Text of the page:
St.John’s (Antigua), Sep 18 (IANS) Former West Indies fast bowler Curtly Ambrose has questioned the dismissal of Phil Simmons as head coach on the eve of the teams series against Pakistan in all formats.
Ambrose, who was fired as bowling consultant under the advice of Simmons in May this year, has criticised the timing as poor, reports CMC.
Simmons, a former West Indies all-rounder, was fired hours before the players boarded a flight for the United Arab Emirates to play Pakistan in three T20s, three One-Day Internationals and three Test matches.
“The timing is wrong, to be quite blunt,” declared Ambrose on Saturday.
“This happened when we went to Sri Lanka last year as well when Simmons made a statement about interference in team selection and, about two or three days before we left for Sri Lanka, they suspended him, which was wrong.”
Simmons’ sacking has triggered angry responses from an increasing number of cricketers and officials who have condemned the decision.
They include cricketers Kieron Pollard and Darren Sammy, the former T20 captain who was also sacked after leading the West Indies to two T20 World titles, as well as commentator Fazeer Mohammed, and Grenada’s Prime Minister Keith Mitchell.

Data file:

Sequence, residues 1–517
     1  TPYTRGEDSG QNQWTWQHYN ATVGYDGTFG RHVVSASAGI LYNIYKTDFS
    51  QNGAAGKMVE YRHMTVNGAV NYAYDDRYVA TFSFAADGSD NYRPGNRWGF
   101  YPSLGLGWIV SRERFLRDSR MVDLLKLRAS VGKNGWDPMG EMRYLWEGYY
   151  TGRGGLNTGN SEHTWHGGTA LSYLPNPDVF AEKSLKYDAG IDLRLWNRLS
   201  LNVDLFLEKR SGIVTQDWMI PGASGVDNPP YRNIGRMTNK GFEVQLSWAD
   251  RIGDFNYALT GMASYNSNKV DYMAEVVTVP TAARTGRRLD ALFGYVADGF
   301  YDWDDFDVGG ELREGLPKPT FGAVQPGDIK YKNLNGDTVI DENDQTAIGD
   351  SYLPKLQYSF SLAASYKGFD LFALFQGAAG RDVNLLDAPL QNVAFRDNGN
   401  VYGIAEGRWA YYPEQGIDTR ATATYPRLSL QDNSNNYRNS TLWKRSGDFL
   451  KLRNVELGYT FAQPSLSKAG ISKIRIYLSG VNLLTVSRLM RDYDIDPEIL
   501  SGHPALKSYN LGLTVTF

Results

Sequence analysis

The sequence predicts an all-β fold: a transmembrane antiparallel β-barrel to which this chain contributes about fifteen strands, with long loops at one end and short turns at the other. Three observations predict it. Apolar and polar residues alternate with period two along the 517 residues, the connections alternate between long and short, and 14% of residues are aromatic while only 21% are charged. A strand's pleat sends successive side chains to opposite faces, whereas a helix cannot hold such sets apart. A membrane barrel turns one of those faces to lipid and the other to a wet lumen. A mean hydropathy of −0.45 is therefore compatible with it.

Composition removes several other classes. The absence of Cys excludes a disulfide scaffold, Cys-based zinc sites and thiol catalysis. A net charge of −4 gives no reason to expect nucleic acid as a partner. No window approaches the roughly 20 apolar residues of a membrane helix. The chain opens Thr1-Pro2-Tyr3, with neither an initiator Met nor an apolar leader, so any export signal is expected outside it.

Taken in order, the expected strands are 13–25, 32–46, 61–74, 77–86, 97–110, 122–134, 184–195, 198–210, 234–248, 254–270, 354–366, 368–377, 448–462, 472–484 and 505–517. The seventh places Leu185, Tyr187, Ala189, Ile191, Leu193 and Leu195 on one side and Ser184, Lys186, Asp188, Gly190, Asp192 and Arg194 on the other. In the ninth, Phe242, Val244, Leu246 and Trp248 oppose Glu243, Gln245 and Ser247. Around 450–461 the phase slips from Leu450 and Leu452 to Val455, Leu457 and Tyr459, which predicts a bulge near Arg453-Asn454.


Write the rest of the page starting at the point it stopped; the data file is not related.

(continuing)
“If you weren’t happy with the things he said, why pull a coach off a tour two or three days before?” said Ambrose.
“All they had to do was maybe send him some correspondence saying they were not happy and they would deal with it when he gets back and now this time around, it’s the same thing.”
The West Indies face Pakistan next Friday in their first T20. Ambrose believes the firing of Simmons by the West Indies Cricket Board (WICB) represents a threat to team morale.
“The morale of the team can’t be good because when you would have at least had a camp and then you learn one or two days before departure that your coach isn’t going to be around because he’s been fired, it must send the wrong message,” he said.
The WICB has said its decision to fire Simmons was based on public pronouncements of the coach as well as differences in culture and strategic approach.
“If you look back at the last 10 or 12 years or so, we had quite a few coaches who came and went and the performances have been the same, so I am not so sure if the coaching or the coach is the problem,” said Ambrose.
“We need to look at the players themselves and ask a few questions. Are these players good enough to compete with the top teams in the world?”
The team is under the supervision of former West Indies fast bowler Joel Garner along with assistant coaches Henderson Springer and Roddy Estwick.